Employment development continues

Wednesday, February 27, 2013

By Clint Confehr

Senior Staff Writer

New jobs are coming to Lewisburg with the sale of a building constructed by the city to help attract employers, according to discussion at Marshall County commissioners' meeting Monday.

A Japanese automotive supply company would employ 25 people in its first year and up to 100 in five years, County Mayor Joe Boyd Liggett said, adding, "We feel like that's being conservative" on the jobs projection.

While the city owns the building, county cooperation reveals the pending sale because the sale is in connection with a state economic development grant and if the county participates, the local cost of the matching grant is four percent lower.

"We feel like we're headed in the right direction when you can make announcements like this," Liggett said. "The hope is that they will be in there in the fall."

Like other industrial prospects, the Japanese company is not immediately named. It's identified as Project Now, Liggett said. Last year, Project Cloud was revealed to be Imperial Foods, a business that's being developed in the city's I-65 Commerce Park.

An announcement with such detail is being delayed until all the paperwork is done, Liggett said while discussing what county commissioners unanimously approved to attract another employer to reduce unemployment here.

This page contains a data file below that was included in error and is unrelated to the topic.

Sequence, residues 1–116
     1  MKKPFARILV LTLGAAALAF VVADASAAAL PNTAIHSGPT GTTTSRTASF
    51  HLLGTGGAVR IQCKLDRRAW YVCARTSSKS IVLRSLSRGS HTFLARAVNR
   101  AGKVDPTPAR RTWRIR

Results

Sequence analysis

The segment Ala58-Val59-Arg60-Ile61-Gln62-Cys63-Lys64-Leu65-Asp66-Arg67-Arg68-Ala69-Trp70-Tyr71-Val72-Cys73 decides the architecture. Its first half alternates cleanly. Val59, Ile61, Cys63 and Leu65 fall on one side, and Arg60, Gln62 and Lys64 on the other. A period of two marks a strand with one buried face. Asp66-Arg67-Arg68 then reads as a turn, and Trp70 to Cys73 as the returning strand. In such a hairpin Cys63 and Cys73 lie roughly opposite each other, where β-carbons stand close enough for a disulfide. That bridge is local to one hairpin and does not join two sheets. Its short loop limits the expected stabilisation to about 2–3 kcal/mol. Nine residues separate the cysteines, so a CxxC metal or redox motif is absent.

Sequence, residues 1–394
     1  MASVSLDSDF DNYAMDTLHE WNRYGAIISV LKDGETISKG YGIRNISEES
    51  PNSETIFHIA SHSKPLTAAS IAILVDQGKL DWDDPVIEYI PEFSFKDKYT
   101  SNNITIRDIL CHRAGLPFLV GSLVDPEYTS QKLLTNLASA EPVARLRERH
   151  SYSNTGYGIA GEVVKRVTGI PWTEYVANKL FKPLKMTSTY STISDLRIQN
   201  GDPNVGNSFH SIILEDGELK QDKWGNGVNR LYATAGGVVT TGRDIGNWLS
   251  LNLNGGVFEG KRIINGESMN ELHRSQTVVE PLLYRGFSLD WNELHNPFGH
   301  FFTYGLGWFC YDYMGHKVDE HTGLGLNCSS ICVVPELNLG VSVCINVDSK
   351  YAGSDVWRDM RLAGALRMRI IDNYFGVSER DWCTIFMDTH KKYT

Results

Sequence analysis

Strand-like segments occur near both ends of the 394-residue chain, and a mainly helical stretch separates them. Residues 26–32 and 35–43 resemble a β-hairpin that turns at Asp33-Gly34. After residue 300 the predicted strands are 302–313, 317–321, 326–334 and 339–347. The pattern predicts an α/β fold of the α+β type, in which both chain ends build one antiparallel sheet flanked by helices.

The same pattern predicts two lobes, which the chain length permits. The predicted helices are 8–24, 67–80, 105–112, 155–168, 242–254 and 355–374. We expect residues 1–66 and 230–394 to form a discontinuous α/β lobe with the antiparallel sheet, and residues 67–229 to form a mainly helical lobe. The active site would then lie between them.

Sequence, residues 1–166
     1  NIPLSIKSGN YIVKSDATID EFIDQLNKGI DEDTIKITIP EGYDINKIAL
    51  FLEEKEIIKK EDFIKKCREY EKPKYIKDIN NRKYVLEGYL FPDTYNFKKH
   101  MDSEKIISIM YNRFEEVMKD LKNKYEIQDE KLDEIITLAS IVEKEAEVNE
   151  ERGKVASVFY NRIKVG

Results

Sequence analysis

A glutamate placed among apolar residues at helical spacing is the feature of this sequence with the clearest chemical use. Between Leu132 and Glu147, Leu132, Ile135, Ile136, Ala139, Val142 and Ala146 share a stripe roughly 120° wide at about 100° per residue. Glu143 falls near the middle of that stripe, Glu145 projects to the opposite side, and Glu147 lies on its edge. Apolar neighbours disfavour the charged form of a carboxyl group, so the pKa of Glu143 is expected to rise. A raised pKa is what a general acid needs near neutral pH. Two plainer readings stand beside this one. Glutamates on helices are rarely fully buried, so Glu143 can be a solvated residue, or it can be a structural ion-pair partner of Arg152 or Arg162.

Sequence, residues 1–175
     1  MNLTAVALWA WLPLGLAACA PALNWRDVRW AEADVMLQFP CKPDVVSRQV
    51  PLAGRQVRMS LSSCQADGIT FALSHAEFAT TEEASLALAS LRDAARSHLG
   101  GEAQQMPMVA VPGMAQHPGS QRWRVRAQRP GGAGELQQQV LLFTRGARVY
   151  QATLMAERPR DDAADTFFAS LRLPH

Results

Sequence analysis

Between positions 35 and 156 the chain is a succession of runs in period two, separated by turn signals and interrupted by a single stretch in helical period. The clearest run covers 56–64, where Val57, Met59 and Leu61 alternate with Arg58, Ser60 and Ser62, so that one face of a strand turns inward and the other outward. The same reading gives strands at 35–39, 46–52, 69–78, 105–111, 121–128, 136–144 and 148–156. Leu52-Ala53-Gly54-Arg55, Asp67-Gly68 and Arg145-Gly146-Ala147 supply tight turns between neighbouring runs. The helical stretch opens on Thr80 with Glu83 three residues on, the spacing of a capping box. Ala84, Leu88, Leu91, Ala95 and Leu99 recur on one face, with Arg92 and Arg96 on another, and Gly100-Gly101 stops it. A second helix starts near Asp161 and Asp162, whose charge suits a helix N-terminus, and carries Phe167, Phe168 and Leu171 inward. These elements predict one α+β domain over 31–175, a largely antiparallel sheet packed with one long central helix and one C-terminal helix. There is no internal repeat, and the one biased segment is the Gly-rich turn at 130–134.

On a request from Commission Chairman Nathan Johnson, commissioners suspended rules Monday night to permit consideration of a resolution so the county may apply for a Fast Track infrastructure improvement program grant through Tennessee's Department of Economic and Community Development.

Late last week, Lewisburg Economic Development Director Greg Lowe spoke with Liggett about how the county could help the city apply for the grant, the county mayor told commissioners during their open meeting. If the county applies for the grant, then the local participation is 18 percent instead of 22 percent, Liggett said.

Similar cooperation came for Imperial Foods. On Monday, commissioners voted to pay half of the amount required from local government for the matching grant that's to pay for the extension of utilities to the city building in I-65 Commerce Park. A specific dollar amount was not available Monday night, but Liggett anticipated the grant would be for approximately $200,000 to $250,000.

Making the decision Monday avoids having to call a special meeting of the commission, Liggett said.

Additional information is anticipated at city meetings of the Industrial Development Board, chaired by Eddie Wiles, and the city council. Liggett indicated those panels would be proposing and then considering a PILOT agreement. Payment In Lieu Of Tax agreements provide a property tax break to businesses in exchange for increased employment. The agreements have been defended as worthwhile. Tax revenue isn't lost; it's generated.

In June 2008, Lewisburg's Planning Commission approved site plans for what's now a 63,000-square-foot building including 3,000 square feet for office space.

"The building has to be finished out," Liggett said. "It has no floor now."